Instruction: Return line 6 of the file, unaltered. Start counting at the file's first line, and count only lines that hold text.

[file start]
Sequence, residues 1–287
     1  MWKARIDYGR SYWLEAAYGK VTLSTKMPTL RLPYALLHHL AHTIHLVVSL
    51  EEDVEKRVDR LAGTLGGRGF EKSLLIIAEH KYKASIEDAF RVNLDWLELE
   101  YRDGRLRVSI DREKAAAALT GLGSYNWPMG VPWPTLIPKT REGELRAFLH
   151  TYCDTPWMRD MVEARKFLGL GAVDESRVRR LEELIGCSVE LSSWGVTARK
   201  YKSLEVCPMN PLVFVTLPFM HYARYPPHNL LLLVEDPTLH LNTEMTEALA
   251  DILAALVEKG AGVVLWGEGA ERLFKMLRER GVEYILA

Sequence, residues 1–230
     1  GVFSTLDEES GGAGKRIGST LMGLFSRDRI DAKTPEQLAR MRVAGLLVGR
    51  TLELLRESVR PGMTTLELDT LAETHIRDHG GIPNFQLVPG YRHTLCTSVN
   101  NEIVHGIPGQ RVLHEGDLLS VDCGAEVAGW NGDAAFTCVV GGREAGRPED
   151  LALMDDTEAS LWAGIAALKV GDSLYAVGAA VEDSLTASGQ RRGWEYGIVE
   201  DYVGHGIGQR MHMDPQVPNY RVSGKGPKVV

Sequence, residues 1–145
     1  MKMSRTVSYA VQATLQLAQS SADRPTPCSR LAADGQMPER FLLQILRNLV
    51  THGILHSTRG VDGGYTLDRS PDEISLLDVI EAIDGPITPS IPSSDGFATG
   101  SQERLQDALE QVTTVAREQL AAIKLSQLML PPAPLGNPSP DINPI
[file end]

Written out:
   201  YKSLEVCPMN PLVFVTLPFM HYARYPPHNL LLLVEDPTLH LNTEMTEALA